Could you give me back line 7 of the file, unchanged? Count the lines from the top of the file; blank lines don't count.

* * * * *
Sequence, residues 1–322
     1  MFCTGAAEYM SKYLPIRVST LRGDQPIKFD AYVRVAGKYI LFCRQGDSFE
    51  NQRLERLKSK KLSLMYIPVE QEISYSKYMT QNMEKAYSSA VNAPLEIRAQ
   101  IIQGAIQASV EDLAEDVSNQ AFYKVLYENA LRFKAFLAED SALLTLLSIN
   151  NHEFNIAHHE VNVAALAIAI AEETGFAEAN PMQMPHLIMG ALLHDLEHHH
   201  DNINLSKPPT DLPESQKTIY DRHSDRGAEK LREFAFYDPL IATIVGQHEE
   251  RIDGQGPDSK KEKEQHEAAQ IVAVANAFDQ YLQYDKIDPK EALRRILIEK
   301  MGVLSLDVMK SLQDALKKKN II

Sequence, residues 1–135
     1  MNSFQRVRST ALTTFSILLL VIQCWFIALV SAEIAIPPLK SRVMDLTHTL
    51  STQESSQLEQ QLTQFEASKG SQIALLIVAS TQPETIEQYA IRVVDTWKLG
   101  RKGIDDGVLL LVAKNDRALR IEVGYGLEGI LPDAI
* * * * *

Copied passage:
   251  RIDGQGPDSK KEKEQHEAAQ IVAVANAFDQ YLQYDKIDPK EALRRILIEK